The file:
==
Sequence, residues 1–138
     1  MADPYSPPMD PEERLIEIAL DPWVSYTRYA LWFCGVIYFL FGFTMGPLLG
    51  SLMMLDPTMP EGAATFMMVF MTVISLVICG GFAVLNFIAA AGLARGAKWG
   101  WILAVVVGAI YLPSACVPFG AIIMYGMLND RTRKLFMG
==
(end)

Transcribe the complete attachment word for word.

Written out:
Sequence, residues 1–138
     1  MADPYSPPMD PEERLIEIAL DPWVSYTRYA LWFCGVIYFL FGFTMGPLLG
    51  SLMMLDPTMP EGAATFMMVF MTVISLVICG GFAVLNFIAA AGLARGAKWG
   101  WILAVVVGAI YLPSACVPFG AIIMYGMLND RTRKLFMG